Warning: spoilers ahead for Episode 16 of Arrow Season 7, called "Star City 2040," and for The Flash Season 5.
The Arrow-verse has becoming a defining element of The CW ever since Arrow hit the airwaves back in 2012, with show after show joining the lineup. With the exception of Supergirl, which started over on CBS, each of the spinoffs launched in an episode or episodes of the other shows. Batwoman was kinda sorta launched back in the "Elseworlds" crossover, and Batwoman hasn't even received a series order yet.
The latest episode of Arrow was set almost entirely in the grim flash-forward timeline of 2040, and the way it went down raises the question: is the Arrow-verse setting up a spinoff set in the future? Here's why the idea might not be as wild as you'd think.
There's Going To Be An Opening
The Arrow-verse is going to lose the show that started it all in the not-too-distant future. Although Arrow was renewed along with the rest of The CW's superhero lineup (and plenty of other shows) back in January, news broke earlier this month that Arrow would be back for a shortened eighth and final season. There will only be ten episodes in Season 8.
So, there's going to be an Arrow-verse vacancy in the not-too-distant future. Admittedly, the Batwoman series could fill Arrow's time slot, but that would leave the Arrow-verse without an archer, and would it really be right if the Arrow-verse didn't have somebody firing arrows at baddies? What if the archer is Mia rather than Emiko?
It's also worth noting that The CW president Mark Pedowitz weighed in on the question of whether there are too many DC TV shows on the network, and his words didn't exactly rule out another spinoff. He stated that "things will age," and the folks at The CW "want to get the next generation of shows to keep this CW Universe going for as much years as possible."
Funny he should mention "the next generation" in the same season that features the kids of multiple superheroes throughout the Arrow-verse! Speaking of which...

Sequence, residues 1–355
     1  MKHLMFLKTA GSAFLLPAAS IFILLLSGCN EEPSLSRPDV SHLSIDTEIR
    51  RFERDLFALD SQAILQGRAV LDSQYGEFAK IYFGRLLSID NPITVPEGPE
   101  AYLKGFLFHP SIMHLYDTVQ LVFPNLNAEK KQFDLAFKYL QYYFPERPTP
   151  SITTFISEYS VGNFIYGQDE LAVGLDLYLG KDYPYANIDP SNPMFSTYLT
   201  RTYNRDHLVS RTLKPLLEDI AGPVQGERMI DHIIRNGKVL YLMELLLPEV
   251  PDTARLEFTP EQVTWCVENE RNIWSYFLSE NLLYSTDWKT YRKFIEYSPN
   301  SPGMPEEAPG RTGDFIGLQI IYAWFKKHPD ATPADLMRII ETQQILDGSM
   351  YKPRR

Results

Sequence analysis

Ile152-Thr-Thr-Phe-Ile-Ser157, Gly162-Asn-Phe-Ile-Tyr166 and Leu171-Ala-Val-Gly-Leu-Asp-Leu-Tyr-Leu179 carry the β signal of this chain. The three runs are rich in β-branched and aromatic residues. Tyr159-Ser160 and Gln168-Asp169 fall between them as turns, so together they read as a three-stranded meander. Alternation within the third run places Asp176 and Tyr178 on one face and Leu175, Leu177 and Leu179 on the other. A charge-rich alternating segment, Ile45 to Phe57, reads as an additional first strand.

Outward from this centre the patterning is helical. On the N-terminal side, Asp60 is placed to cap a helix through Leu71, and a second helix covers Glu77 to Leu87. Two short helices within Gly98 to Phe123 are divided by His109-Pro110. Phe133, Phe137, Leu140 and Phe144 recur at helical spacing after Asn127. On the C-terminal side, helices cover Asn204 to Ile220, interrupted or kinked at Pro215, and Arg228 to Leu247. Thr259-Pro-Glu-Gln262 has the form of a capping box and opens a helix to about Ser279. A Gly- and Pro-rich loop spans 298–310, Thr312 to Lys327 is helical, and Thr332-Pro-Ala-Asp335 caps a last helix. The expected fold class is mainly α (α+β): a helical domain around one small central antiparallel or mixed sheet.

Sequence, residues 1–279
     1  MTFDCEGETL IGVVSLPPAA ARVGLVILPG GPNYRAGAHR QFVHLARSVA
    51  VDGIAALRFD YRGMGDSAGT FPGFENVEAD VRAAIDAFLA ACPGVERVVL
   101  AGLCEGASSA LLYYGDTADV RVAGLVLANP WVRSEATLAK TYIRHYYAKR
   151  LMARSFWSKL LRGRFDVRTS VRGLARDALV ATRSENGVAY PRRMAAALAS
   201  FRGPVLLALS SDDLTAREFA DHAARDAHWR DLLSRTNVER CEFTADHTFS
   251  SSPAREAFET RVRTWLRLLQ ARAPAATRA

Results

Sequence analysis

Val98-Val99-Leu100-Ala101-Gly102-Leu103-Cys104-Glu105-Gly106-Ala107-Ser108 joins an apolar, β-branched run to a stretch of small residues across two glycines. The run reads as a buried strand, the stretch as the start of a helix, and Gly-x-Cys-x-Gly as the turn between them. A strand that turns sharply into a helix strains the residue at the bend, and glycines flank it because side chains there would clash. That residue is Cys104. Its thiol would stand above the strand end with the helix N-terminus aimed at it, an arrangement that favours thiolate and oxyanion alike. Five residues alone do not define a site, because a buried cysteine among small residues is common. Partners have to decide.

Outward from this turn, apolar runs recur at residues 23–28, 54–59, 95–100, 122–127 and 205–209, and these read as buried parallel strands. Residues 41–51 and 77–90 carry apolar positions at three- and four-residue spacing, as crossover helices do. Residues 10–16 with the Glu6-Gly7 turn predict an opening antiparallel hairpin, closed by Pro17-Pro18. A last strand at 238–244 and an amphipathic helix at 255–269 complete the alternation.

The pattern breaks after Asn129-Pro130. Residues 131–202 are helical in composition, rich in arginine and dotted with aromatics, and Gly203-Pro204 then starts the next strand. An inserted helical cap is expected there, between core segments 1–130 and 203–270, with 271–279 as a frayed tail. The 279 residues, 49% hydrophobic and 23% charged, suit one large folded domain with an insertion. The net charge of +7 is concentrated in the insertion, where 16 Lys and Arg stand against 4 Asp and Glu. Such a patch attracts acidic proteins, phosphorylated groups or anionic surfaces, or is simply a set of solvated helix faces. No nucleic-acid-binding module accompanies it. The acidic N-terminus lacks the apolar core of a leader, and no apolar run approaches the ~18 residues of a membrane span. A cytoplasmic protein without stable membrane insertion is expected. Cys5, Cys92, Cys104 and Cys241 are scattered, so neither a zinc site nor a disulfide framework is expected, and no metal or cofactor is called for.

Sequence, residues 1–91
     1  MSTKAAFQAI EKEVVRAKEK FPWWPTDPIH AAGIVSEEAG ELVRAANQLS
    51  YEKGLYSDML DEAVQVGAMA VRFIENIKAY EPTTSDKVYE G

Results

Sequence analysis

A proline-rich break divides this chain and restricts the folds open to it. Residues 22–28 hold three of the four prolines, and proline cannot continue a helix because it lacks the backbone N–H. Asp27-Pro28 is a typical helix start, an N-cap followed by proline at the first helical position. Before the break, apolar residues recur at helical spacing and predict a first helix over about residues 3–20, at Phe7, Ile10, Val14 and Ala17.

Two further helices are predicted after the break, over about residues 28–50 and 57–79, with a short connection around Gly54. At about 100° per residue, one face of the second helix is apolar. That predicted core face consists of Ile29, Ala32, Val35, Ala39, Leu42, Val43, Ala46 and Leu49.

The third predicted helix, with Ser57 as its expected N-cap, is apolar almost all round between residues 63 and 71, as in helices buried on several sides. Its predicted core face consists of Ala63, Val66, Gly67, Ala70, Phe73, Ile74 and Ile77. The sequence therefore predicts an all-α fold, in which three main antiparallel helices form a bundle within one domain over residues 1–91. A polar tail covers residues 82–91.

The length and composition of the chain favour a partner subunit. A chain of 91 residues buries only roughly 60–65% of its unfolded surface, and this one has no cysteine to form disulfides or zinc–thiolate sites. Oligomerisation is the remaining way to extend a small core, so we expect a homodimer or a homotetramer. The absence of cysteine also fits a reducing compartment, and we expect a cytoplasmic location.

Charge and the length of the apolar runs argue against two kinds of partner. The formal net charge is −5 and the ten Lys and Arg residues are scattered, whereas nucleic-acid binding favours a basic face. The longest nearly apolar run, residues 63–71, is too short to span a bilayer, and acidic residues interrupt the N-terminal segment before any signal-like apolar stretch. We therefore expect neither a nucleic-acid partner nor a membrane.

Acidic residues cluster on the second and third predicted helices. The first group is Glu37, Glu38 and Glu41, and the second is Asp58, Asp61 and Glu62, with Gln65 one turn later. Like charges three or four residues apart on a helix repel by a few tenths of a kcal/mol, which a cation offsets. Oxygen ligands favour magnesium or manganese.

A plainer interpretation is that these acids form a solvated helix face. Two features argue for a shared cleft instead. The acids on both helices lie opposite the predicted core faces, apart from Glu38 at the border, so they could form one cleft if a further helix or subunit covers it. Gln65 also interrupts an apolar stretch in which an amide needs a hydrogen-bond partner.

Arrow Delivered A Backdoor Pilot
Arrow traditionally delivered one episode each season that was almost entirely told via flashback; given that Season 7 went with flash-forwards rather than flashbacks, it came as no surprise that the majority of an episode called "Star City 2040" was set decades in the future. What may have surprised viewers is that "Star City 2040" plays out in a way that felt an awful lot like a backdoor pilot designed to set up a spinoff.
Yes, "Star City 2040" did feature major characters from the present timeline and finally introduced future Felicity, but the focus was on the three super-kids: William, Mia, and Connor Hawke. The relationship between the siblings got some development, hints at deeper feelings between Mia and Connor were dropped, and more of the world and time was built. Dinah, Roy, and Wild Dog were all but secondary to the plot, with Felicity as the main character from the present with the biggest role.
The episode did a great job of setting the stage for what could be a truly unique spinoff. While a future-set spinoff would potentially interfere with the annual Arrow-verse crossover, "Elseworlds" proved that huge crossover events can happen without including every show in the universe, and there's always time travel thanks to The Flash, Legends of Tomorrow, and even Supergirl as of the end of Season 3.